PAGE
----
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Submitted on
March 23, 2007



The Theory

Journal Entry: Fri Mar 23, 2007, 11:38 AM

<img class='logo' src='… / width='75px' height='100px'> palaeo'jconway'co'uk AKA palaeo'pterus'net
Visit my palaontographical website, and get a free dinosaur!

I'm going to take a stab at something positive, rather than just moaning about the lacklustre state of palaeontography. Let's start building a theory:

It seems to me that there are two basic approaches to palaeontography, firstly as a personal account of how we see nature; lets call it "personal naturalism", and secondly, as a visual representation of science; we'll call that "scientific visualisation".

i. Personal Naturalism
The first we've all been doing for quite some time, but without any guts. A lot of leading artists these days (not naming names), have virtually indistinguishable styles. No one's style is "out there". The solution is probably to have more faith in ourselves as artists, and develop styles as if no one were looking. How we see nature is as much about what we think is unimportant as what is important. Reality is not a photograph, and what we perceive is base more on what we focus our attention on than what is out there.

Traditionally palaeoart has done some playing with this: think Doug Henderson's emphasis on landscape versus Greg Paul's emphasis on anatomy. Both often leave out, or simplify the other concerns. We need more of that, too many people are thinking "if I could put Greg Paul dinosaurs in a Doug Henderson landscape, it will be twice as good!" Surpise! Wrong! And there are themes to be explored in this way, that so far haven't been: behaviour being an obvious one off the top of my head.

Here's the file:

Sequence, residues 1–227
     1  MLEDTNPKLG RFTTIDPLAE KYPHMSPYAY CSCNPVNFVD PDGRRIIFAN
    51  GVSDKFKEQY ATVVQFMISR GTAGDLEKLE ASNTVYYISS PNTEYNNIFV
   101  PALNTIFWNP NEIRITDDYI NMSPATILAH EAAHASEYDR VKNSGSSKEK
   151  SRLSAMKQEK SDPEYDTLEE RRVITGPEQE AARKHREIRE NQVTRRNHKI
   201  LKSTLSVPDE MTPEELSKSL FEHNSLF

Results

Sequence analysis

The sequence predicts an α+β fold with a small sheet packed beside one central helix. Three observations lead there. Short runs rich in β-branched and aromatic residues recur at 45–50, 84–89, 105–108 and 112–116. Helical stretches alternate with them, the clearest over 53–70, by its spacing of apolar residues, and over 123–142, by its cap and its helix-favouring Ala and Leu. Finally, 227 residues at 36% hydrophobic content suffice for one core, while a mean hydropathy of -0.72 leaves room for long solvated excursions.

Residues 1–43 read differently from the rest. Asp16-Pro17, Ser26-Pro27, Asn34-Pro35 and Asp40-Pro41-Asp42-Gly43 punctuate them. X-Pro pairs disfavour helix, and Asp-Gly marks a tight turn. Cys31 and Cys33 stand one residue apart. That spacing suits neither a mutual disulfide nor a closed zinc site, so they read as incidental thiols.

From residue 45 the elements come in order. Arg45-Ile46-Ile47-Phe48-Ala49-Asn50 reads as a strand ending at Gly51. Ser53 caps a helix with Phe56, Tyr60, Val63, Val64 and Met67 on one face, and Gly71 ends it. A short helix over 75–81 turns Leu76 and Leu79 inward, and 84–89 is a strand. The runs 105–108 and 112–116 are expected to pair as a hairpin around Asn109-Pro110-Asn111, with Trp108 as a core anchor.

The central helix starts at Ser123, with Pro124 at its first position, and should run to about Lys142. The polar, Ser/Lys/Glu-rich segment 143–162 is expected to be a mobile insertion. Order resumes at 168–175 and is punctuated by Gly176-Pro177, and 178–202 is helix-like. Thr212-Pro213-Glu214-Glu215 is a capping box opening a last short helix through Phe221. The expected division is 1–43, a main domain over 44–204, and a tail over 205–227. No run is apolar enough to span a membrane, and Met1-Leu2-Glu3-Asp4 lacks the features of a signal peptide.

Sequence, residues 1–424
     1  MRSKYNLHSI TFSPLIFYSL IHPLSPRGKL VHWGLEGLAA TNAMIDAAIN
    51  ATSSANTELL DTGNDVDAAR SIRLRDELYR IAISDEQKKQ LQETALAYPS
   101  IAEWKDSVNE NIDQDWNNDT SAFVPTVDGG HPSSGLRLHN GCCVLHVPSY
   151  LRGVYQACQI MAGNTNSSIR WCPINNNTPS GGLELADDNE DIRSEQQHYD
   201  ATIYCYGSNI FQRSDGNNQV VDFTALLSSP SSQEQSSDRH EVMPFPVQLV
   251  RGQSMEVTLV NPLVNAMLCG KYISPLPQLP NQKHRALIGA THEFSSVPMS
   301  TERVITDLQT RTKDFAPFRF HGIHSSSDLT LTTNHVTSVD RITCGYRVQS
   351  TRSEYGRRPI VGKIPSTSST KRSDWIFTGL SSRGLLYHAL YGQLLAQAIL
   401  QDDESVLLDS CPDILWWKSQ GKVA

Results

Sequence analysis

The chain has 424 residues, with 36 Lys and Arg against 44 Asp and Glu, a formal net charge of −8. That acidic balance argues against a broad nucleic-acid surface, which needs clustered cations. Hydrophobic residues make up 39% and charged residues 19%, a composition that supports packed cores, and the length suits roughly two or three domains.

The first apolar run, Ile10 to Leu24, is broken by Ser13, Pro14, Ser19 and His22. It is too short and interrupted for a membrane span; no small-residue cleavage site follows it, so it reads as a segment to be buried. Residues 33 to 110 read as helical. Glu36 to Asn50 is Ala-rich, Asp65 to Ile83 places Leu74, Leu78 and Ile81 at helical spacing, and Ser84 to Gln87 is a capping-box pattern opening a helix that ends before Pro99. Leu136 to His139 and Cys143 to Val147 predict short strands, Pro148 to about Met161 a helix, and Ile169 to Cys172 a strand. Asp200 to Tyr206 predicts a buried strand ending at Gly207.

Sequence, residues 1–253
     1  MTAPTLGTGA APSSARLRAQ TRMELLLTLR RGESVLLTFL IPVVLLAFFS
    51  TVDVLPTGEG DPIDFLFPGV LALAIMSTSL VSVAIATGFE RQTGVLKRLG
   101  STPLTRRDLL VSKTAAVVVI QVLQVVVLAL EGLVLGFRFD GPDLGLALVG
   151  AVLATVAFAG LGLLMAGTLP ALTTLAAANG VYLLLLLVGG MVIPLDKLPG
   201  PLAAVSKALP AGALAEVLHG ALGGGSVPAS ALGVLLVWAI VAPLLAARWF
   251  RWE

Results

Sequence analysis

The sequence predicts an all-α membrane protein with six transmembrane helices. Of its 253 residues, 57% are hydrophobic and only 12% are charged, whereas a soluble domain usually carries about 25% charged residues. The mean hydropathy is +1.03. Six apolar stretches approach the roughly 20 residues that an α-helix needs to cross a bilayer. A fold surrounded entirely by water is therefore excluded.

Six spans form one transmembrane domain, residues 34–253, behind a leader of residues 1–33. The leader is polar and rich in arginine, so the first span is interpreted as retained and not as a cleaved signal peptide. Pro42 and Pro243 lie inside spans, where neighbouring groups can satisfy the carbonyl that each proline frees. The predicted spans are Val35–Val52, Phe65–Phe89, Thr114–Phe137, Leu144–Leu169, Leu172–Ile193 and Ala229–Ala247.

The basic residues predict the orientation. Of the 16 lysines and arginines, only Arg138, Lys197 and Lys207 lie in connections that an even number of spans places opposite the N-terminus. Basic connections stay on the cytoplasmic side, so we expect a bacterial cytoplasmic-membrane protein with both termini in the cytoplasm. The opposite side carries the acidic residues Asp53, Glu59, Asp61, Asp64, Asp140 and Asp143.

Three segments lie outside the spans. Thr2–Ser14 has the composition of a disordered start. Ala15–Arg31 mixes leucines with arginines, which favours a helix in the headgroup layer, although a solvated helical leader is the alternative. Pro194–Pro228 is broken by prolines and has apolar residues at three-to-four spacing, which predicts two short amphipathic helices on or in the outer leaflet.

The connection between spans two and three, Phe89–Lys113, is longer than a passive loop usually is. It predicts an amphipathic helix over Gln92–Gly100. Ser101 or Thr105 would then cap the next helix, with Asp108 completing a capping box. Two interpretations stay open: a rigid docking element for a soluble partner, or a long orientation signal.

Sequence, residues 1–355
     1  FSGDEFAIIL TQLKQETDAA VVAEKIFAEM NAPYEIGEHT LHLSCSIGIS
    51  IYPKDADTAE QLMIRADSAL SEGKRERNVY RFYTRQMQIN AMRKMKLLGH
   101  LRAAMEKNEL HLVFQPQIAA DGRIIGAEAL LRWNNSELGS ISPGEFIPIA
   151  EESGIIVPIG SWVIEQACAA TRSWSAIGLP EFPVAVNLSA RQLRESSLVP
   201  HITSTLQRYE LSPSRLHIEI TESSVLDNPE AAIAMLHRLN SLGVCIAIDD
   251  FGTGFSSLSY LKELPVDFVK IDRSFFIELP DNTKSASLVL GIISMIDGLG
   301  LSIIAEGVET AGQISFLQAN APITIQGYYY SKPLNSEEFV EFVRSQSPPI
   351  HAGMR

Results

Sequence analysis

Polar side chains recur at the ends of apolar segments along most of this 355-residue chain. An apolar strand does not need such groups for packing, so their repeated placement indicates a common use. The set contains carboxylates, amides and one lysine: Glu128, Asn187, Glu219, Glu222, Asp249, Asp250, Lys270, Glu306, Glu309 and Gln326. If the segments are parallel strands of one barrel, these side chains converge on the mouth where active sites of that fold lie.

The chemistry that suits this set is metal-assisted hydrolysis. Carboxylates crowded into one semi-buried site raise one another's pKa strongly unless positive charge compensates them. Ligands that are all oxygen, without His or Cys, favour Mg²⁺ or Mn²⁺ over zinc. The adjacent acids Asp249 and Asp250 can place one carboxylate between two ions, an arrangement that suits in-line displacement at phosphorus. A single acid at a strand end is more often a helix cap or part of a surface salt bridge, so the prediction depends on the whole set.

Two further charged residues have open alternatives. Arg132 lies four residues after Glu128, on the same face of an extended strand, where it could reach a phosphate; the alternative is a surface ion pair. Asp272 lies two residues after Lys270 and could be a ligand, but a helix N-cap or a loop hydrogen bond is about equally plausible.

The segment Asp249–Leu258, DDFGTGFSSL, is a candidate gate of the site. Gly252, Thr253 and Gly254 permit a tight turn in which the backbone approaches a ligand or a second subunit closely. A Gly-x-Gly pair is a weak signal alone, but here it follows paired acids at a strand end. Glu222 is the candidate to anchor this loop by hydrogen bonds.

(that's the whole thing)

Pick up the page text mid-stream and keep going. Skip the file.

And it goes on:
ii. Scientific Visualisation
The more conceptual and challenging approach is to take the science and make it visual. What does evolution look like? What does homology look like? How could we represent palaeoecology visually?

The trick is to make this an aesthetic experience, and hence art, rather than just make neat diagrams and graphs (although that would certainly be one way to approach it). The scientific visualisation approach is about conceptual reality, not visual reality. The game is to sneak new concepts into people's brains while giving them aesthetic experience.

The two approaches are not mutually exclusive, indeed, one will inform the other. If a piece of art lacks in both regards, it shall be regarded as vacuous and be derided as drivel by all serious palaeontographers. Thoughts?

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Outlier Featured By Owner Jun 15, 2007
...marching in late on the conversation...

Nicely put - hadn't thought about the impossibility of meshing Paul and Henderson.

I think my development was some sort of parallel process, interest in art and dinosaurs since my first book (2 or 3 years old). But I drew other things as I wanted to be a good artist, and was interested in other aspects of science (cosmology and natural history being the main players). So I think I went through the more traditional 'artists' path, with an interest in other things that infulenced the subject matter (dinosaurs and sci fi), but did work at drawing from life (people, objects, landscapes) and trying different media. And was interested in history of art and different styles etc., as parents used had a couple of small art galleries over the years which influenced me as I grew up. Generally like most art up until Dali, then it all just got silly (though do like some later artists - actually really like Brett Whitely)